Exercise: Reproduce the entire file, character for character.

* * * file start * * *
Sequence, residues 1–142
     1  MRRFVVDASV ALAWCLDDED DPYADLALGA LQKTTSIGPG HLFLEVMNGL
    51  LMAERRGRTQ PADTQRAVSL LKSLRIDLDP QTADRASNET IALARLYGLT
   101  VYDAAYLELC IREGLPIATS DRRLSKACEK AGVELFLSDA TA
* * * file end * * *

Sequence, residues 1–142
     1  MRRFVVDASV ALAWCLDDED DPYADLALGA LQKTTSIGPG HLFLEVMNGL
    51  LMAERRGRTQ PADTQRAVSL LKSLRIDLDP QTADRASNET IALARLYGLT
   101  VYDAAYLELC IREGLPIATS DRRLSKACEK AGVELFLSDA TA